Hacking the Internet User in Software

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a rootkit when you can t even trust the dir or netstat commands! The subsequent techniques mostly rely on this important rst step File/directory hiding Many popular rootkits chain or detour the Windows API call ZwQuerySystemInformation to achieve this (for example, Hoglund s NT Rootkit would hide any le on the le system pre xed with _root_ ) Some also use Alternate Data Streams (ADS), a feature of the Windows NT Family operating system originally used to support Macintosh le system compatibility, but now also used by XP SP2 to hold information about the security zone from which a le has been downloaded (previous editions of Hacking Exposed illustrated the use of ADS to hide les, and such techniques are widely published on the Internet now) Flagging les so that Windows identi es them as bad blocks is also popular Rootkits commonly also employ encryption or compression ( packers ) on their payloads to avoid antivirus scans More recently, rootkit researchers are speculating about storing information in writable computer chips like the graphic processors used by most PCs this would provide the ultimate hiding place for malicious code outside of the hard drive where most detection tools currently look Process hiding Because processes are necessary to do work on Windows, a good rootkit must nd a way to hide them Most commonly, rootkits hide a process by delinking it from the active process list, which prevents common APIs from seeing it Many rootkits also create threads, which are subcomponents of a process By creating threads hidden within processes, it becomes more dif cult for users to identify running programs Port hiding To hide the backdoor component that allows remote control via a network, rootkits commonly attempt to hide the network ports on which they listen, whether they be TCP or UDP The popular rootkit kit Hacker Defender hooks every process on the system and thus can avoid easy identi cation using investigative techniques such as netstat Hacker Defender uses a 256-bit key to authenticate commands to these ports Other rootkits, including cd00r and SAdoor, adopt techniques such as port knocking (http://wwwportknocking org) to achieve a similar capability Registry key/value hiding This is generally not too hard, because the size and complexity of the Registry makes hiding things quite easy simply by naming them something that looks at once harmless and critical to the stability of the system (for example, HKLM\Software\Microsoft\Windows\CurrentVersion\ Run\ rewall-serviceexe) And, of course, once the kernel is hooked, keys and values can simply be hidden from prying eyes altogether User/group hiding Typically, this is achieved by setting permissions on the user or group object so that most other system users cannot read them Again, with kernel residence, operating system access tokens can simply be changed to re ect whatever the attacker wants and only the SYSTEM user is implicated in the logs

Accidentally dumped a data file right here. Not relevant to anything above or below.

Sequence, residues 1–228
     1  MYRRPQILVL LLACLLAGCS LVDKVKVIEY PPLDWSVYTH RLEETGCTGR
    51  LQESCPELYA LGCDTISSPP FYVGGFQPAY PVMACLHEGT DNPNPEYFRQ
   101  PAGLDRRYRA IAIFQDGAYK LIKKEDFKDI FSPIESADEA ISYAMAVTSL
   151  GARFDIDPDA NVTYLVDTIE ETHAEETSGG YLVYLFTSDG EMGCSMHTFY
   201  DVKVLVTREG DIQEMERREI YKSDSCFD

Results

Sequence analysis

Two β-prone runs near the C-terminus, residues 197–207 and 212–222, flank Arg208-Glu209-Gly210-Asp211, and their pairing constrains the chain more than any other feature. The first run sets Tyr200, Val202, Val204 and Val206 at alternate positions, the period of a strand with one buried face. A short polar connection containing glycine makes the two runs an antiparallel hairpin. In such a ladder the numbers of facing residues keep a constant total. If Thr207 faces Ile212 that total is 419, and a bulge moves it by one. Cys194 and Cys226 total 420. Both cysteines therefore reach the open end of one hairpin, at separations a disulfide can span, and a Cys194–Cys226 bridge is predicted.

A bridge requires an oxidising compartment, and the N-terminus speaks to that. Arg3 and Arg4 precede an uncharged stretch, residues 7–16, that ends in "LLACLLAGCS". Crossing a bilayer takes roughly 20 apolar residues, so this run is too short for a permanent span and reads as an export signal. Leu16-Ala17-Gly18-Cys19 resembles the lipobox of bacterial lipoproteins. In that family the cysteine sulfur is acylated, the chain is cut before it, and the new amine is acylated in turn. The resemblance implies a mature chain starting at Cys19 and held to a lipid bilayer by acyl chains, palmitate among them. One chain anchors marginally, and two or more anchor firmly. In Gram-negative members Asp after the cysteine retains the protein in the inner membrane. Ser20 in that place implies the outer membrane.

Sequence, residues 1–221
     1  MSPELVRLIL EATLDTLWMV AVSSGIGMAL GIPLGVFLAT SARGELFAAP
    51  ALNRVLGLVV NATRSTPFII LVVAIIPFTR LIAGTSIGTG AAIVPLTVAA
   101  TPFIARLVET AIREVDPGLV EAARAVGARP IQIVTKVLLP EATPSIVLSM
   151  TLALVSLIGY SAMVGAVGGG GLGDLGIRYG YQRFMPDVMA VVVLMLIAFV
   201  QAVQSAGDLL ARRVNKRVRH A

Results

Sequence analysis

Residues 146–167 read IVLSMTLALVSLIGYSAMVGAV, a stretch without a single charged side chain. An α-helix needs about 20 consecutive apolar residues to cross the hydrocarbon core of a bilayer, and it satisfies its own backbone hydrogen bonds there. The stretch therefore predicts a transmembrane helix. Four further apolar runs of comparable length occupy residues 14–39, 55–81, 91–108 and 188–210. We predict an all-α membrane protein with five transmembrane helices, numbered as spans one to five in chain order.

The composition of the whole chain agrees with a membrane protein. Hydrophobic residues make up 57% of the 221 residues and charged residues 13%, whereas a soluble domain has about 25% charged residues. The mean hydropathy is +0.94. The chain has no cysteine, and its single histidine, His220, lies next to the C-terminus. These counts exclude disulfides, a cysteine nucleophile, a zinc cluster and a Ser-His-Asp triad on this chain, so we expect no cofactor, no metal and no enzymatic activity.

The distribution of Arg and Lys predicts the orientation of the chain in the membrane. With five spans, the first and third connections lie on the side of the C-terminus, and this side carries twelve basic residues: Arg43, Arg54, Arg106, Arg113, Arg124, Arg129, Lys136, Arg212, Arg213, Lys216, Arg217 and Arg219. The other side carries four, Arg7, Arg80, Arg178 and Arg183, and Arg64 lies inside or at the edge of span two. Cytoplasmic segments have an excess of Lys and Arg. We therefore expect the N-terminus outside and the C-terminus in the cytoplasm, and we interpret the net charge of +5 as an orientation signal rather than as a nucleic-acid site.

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Hacking Exposed 6: Network Security Secrets & Solutions
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Service hiding Rootkits commonly load components as Windows services, which makes them less accessible to novice users Keystroke loggers Typically these are custom programs that capture submitted form data as a Browser Helper Object (BHO) in Internet Explorer, Win32-based keystroke loggers that are injected into the Windows logon process, or software shims placed directly at the keyboard hardware level (so-called trapping an interrupt ) Multiple techniques may be employed to provide redundant reinfection vectors if one or more are discovered Next, we will examine some of the most popular rootkits to see how they implement some of these techniques
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One of the most widely utilized rootkits is Hacker Defender, based on personal communications from colleagues who perform forensic analyses following computer security incidents at organizations large and small Hacker Defender is frequently referred to by its slang name, hxdef, and more is revealed here: http://wwwmegasecurity org/trojans/h/hackerdefender/Hackerdefender100html The primary technique utilized by Hacker Defender is to use the Windows API functions WriteProcessMemory and CreateRemoteThread to create a new thread within all running processes The function of this thread is to alter the Windows kernel (kernel32dll) by patching it in memory to rewrite information returned by API calls to hide hxdef s presence hxdef also installs hidden back doors, registers as a hidden system service, and installs a hidden system driver, probably to provide redundant reinfection vectors if one or more are discovered hxdef s popularity probably relates to its ease of use combined with powerful functionality (ironically similar to its host system, Windows) Its INI file is easy to understand, and it binds to every listening port to listen for incoming commands, as we noted earlier in our discussion of port hiding You have to use the hxdef backdoor client to connect to the backdoored port, as shown next:
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Host: localhost Port: 80 Pass: hxdef-rules connecting server receiving banner opening backdoor backdoor found checking backdoor backdoor ready authorization sent, waiting for reply authorization SUCCESSFUL backdoor activated!
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